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Sleeping microbes wake up after 100 million years buried under the seabed



The microbes were buried in dirt 101.5 million years ago, even before Tyrannosaurus rexui, when the world’s largest meat-eating dinosaur called the Spinosaur roamed the planet. Time passed, continents shifted, oceans rose and fell, huge monkeys emerged, and eventually humans developed curiosity and skills to dig those ancient cells. Now, in a Japanese laboratory, researchers have brought back the lives of unicellular organisms.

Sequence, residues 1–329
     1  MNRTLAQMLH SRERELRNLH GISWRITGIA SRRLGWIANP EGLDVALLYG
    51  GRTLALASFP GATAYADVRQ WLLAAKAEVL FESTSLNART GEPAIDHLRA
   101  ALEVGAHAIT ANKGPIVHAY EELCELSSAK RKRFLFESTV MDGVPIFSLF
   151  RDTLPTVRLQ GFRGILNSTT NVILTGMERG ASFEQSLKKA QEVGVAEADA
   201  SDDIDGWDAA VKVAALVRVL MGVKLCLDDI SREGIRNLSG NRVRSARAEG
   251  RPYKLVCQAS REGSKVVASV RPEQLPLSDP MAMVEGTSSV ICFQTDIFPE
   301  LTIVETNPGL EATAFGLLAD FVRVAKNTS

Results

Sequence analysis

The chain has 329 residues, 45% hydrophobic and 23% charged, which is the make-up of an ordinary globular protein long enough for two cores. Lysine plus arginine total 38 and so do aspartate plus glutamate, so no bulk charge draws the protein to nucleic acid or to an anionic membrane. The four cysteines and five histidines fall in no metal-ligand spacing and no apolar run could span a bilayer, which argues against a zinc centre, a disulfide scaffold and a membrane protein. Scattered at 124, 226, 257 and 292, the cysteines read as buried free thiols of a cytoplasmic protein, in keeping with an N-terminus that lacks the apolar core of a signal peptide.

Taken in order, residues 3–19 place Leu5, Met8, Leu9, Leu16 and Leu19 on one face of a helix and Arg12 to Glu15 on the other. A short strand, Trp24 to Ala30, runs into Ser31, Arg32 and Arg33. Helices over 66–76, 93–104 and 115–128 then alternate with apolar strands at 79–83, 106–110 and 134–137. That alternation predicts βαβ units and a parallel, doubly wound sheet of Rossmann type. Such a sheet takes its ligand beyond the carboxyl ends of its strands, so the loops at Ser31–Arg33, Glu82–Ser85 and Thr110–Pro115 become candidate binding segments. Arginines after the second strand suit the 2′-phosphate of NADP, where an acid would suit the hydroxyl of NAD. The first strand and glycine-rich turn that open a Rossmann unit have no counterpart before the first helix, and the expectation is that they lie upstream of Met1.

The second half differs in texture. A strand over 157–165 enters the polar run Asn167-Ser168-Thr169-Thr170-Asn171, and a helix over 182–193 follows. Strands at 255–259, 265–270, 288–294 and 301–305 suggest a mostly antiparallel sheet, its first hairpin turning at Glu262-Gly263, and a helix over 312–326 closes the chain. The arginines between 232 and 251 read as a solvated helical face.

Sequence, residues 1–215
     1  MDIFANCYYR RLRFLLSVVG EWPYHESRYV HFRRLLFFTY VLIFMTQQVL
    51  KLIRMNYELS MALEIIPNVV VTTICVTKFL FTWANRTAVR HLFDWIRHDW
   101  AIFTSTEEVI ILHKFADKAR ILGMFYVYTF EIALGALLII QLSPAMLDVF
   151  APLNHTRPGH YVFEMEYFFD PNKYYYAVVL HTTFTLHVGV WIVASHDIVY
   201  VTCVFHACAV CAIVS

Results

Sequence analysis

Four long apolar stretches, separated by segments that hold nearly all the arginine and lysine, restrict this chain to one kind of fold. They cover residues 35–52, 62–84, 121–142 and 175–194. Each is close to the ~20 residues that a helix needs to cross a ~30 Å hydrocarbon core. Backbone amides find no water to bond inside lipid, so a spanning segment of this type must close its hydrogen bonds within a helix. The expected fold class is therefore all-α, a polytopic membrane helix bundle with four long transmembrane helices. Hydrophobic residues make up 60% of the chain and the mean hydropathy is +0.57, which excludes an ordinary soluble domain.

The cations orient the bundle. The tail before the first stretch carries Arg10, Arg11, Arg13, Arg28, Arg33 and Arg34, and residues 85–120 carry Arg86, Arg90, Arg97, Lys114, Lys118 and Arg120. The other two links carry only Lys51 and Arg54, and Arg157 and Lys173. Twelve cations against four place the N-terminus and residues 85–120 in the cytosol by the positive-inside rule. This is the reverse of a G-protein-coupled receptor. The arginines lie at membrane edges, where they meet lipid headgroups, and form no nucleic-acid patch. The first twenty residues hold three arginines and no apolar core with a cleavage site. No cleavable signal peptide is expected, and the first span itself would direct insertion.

Researchers from the drilling vessel JOIDES Resolution collected sediment samples from the ocean floor 10 years ago. Samples were taken from 328 feet (100 meters) below the depth of 20,000 feet (6,000 m) of South Pacific kvass. It is a Pacific region with very little nutrients and little oxygen to survive. Scientists have been looking for data on how microbes cope in such a remote part of the world.


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